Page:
Chicago Police Board
The Police Board is responsible for reviewing and making the final decision in all cases in which separation or a suspension of more than 30 days is recommended. Since 2008, based upon IPRA recommendations for discipline of officers with sustained complaints for excessive force, we should expect the Police Board to have made decisions for 46 such officers. However, the Police Board has recorded outcomes on only 8 cases of excessive force. The Police Board has discharged 4 officers, suspended 3 officers, and reported that 1 officer resigned voluntarily before a decision. That leaves 38 “missing” cases—38 officers for whom IPRA recommended separation or a suspension of more than 30 days that the Police Board has apparently never addressed. The most plausible explanation for what happened to those 38 cases is that the Police Superintendent refused to concur with IPRA’s disciplinary recommendation and the IPRA Chief Administrator accepted a negotiated compromise for less discipline. The outcomes of these closed-door negotiations are unknown, and IPRA has denied a Freedom of Information Act request to release the information. Remarkably, the Police Board hasn’t fired a police officer for excessive force since 2009.[iii]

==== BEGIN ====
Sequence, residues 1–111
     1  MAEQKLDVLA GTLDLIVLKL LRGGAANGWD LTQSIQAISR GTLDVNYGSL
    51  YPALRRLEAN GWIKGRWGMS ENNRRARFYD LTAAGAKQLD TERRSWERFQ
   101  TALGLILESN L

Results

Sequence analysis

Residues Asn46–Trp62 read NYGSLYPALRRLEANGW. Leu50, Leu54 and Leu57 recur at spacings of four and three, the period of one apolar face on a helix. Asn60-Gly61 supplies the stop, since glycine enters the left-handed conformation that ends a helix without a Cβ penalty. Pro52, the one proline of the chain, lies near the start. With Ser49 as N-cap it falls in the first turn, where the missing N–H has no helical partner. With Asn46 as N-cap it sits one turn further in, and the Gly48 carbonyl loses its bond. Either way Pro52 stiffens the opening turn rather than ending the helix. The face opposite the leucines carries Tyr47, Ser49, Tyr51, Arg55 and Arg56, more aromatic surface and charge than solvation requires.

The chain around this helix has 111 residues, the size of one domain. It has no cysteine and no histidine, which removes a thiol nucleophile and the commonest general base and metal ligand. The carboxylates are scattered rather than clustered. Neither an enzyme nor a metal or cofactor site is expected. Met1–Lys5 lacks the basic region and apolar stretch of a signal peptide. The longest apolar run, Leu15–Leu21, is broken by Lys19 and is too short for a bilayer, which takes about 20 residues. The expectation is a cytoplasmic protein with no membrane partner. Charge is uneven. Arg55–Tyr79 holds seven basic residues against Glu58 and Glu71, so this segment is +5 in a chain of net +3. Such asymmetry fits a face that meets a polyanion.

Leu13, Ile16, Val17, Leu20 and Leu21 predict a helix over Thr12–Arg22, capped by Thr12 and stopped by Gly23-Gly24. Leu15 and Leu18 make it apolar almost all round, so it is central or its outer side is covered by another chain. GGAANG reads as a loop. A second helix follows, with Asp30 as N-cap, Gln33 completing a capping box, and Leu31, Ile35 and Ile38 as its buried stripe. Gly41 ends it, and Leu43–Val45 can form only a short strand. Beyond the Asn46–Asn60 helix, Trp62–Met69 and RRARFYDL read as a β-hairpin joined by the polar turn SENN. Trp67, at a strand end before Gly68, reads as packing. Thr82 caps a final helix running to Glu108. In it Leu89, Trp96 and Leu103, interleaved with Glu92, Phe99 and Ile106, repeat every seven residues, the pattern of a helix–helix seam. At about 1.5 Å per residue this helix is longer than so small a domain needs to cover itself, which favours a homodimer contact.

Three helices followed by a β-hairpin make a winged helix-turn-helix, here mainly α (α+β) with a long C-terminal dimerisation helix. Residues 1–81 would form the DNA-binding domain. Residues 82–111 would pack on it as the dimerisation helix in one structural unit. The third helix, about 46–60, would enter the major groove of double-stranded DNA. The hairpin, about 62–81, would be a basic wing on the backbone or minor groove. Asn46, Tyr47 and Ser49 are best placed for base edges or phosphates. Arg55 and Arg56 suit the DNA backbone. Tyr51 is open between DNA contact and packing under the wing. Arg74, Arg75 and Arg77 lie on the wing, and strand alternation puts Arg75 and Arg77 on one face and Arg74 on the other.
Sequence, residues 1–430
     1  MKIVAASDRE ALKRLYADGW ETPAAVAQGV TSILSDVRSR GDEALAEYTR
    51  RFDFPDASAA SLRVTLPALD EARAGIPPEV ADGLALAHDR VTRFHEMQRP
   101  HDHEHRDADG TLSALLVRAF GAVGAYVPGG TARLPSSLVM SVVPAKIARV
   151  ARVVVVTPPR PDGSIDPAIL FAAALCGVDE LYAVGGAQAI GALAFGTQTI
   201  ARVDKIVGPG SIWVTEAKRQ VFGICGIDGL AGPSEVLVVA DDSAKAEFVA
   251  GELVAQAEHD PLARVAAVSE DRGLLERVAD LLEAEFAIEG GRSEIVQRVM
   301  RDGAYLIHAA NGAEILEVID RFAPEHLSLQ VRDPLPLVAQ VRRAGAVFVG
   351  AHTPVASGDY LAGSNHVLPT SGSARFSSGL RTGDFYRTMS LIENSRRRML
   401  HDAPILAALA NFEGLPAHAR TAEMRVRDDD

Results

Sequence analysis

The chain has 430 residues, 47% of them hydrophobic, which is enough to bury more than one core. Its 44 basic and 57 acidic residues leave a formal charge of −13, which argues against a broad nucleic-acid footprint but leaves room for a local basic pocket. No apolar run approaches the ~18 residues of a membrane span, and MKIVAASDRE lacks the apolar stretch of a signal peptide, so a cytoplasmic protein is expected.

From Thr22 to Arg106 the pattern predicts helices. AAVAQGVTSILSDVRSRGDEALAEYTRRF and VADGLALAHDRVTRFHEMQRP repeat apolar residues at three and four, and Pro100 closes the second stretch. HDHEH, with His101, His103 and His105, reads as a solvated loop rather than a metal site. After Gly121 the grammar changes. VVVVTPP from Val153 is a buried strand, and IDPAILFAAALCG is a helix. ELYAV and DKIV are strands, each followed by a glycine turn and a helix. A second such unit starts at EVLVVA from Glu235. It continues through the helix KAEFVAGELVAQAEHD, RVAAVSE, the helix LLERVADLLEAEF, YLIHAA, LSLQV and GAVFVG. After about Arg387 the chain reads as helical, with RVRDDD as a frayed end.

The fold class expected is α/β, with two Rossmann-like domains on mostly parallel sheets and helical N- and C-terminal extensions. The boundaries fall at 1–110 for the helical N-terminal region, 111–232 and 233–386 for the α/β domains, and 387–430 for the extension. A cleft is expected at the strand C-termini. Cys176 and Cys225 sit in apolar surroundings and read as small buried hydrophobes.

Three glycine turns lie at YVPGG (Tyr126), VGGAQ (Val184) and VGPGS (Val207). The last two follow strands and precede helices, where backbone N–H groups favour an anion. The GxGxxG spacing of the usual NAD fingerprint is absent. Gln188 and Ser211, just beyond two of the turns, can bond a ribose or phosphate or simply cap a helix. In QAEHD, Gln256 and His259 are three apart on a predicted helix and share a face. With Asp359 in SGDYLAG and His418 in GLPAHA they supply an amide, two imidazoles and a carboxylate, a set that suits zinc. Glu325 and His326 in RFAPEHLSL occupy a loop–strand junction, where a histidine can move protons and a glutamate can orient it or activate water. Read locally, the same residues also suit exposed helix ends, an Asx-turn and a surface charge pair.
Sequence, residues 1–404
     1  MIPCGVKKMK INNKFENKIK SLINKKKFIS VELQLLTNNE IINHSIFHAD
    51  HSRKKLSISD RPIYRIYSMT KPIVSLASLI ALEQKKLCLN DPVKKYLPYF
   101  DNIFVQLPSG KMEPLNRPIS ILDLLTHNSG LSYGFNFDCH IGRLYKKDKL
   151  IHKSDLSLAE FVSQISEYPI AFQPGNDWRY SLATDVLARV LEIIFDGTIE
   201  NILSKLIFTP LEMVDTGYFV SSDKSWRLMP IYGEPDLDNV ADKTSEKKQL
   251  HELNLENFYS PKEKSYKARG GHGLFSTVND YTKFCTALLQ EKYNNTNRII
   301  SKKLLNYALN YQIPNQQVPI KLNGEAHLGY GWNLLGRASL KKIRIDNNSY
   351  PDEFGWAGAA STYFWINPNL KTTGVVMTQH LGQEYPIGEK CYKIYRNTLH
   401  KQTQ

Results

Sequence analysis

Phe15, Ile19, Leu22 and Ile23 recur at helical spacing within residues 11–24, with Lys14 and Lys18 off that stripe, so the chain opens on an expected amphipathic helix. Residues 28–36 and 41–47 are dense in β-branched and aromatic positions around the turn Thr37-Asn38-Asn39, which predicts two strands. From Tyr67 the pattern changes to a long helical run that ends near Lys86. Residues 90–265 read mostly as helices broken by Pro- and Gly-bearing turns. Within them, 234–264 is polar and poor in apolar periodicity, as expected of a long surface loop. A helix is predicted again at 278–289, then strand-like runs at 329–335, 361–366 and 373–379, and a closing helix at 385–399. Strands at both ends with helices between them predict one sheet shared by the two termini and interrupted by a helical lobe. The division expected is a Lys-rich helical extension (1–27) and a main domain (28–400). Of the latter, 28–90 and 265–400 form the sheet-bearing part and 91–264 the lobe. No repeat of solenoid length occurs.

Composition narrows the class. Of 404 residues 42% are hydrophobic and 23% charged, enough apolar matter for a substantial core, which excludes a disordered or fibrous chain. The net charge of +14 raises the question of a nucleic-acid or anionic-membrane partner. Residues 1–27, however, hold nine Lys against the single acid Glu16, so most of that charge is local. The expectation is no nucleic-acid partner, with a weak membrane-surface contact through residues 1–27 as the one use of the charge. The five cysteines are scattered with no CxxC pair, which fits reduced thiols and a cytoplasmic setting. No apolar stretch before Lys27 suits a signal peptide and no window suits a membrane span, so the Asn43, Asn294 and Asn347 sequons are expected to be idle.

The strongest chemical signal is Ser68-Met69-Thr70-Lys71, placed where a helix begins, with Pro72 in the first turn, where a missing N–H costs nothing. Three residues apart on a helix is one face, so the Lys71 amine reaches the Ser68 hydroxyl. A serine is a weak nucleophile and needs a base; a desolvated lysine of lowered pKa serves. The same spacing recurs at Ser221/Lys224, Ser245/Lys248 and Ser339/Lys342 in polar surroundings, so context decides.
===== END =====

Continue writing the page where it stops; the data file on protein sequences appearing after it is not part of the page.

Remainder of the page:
In 2014, the Police Board decided on 16 cases in which the Superintendent recommended discharge. The Police Board discharged only 6 officers (37.5%). The remaining officers were either found not guilty or given a lesser penalty of suspension or reprimand. Overall, the Police Board has overturned nearly half of the Superintendent’s recommendations for discharge since 2008.
Chicago’s system of police accountability is broken at every step along the way. Our police officers are resorting to force far more often than necessary and shooting black and brown Chicagoans at alarmingly disproportionate rates. The Independent Police Review Authority—the very agency created to hold police accountable for misconduct—is sustaining excessive force complaints against officers at a rate more than 6 times below the national average. And the most severe sustained cases of excessive force never make it to the Police Board. Of those that do, the Police Board often overturns recommendations for discharge and allows an abusive officer to continue to wear a CPD badge.
So what do all three components of Chicago’s broken police accountability system have in common?
The Mayor of Chicago has the power to appoint the leaders of all of them. The mayor appoints the Superintendent of the Chicago Police Department, the Chief Administrator of IPRA, and all nine members of the Police Board.
It’s time for some independent police oversight. Read Part 2 to find the way forward.
[i] All Chicago data cited in this section was obtained from public records on the Independent Police Review Authority’s website, or from records obtained from IPRA through Freedom of Information Act requests.
[ii] These totals—the number of sustained cases for excessive force, the total number of officers, and the disciplinary recommendations in each case—were gathered by reviewing the abstracts of each of the 655 investigations that IPRA has sustained since it was established in September, 2007.